By that time, the blackened band of storm clouds had blown further east, so we pushed our kayaks and paddle boards into the water and began paddling. No one was in a hurry; the pace was nice and slow, everyone was enjoying the scenery. A gentle breeze blew through the Spanish moss draped over the cypress branches, and it was the coolest I had felt outside in months.
We paddled into a cypress dome, and it began to rain again. We sat there surrounded by the steady sound of rain and the sweet smell of blooming water lilies. The overhead storm cleared its throat and spat rain harder towards the ground. The falling liquid smacked the brims of our hats and the surface of the water. The wind picked up, and we shivered, drenched.
The rain finally lightened up and a few patches of blue sky appeared. When it stopped raining, my mom checked the radar again and said that another storm was coming through–this one more intense than the previous two.
We paddled back to the ramp, past wood duck holes and wasps’ nests, past cypress knees and and submerged stumps; we paddled, us adventurers ten, soaked with rain and joy and wonder.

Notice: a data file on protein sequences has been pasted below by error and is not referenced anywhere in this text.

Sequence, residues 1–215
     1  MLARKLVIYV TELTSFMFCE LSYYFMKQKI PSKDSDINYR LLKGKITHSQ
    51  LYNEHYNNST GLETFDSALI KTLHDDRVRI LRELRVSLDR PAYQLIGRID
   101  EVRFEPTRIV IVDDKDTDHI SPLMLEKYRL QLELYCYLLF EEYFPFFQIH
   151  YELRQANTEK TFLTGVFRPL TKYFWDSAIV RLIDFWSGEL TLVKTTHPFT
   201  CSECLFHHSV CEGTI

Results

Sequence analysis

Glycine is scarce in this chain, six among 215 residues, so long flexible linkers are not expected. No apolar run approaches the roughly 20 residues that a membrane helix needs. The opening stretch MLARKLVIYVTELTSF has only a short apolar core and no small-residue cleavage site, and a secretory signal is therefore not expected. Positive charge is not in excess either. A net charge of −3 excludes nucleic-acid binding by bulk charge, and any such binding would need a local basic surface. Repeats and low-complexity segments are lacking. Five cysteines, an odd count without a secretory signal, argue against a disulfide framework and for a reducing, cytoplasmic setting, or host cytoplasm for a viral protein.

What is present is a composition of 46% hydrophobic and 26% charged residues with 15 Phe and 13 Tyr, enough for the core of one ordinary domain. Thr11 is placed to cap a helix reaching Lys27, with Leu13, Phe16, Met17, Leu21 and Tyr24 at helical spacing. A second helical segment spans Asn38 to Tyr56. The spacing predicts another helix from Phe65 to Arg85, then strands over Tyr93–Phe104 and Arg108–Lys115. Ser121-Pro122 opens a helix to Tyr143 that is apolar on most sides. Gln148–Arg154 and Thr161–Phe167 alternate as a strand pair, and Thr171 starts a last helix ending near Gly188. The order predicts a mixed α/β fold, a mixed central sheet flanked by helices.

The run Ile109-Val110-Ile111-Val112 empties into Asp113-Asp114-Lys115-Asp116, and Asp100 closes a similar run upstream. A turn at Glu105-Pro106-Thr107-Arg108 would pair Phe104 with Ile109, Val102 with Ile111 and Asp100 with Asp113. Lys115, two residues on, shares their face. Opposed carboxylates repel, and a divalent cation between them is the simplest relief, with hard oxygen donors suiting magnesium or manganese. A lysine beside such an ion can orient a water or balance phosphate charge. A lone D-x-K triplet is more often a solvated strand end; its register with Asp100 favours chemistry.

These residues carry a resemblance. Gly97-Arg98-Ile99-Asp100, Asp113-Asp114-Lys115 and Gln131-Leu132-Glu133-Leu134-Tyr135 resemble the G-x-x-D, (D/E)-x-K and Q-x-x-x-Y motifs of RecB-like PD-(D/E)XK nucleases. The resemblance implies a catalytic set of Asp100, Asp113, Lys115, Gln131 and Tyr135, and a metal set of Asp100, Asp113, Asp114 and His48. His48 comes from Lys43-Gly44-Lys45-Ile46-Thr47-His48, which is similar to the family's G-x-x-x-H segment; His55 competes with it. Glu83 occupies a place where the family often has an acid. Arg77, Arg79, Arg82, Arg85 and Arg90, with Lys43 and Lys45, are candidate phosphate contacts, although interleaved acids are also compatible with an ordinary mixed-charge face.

Photography by Joan Vienot
Video Production by Leslie Kolovich
Standing Up for the Planet by Bob Purdy
World Paddle for the Planet Day is coming up on July 25TH!…
We can do this, the operative word being WE! I AM ASKING FOR YOUR HELP! I AM ASKING YOU TO SHARE WORLD PADDLE FOR THE PLANET DAY WITH YOUR FAMILY, YOUR FRIENDS, YOUR NEIGHBORS, YOUR COWORKERS, YOUR COMMUNITY GROUP! I AM ASKING YOU TO CONTACT YOUR LOCAL MEDIA AND LET THEM KNOW WHAT WE ARE DOING! I AM ASKING YOU TO SHARE WPFTPDAY ON SOCIAL MEDIA! I AM ASKING YOU TO SHOUT FROM THE ROOF TOPS, “WE CAN TAKE CARE OF EVERYONE AND EVERYTHING ON THE PLANET”! I AM ASKING FOR YOUR HELP TO TAKE WORLD PADDLE FOR THE PLANET DAY VIRAL!…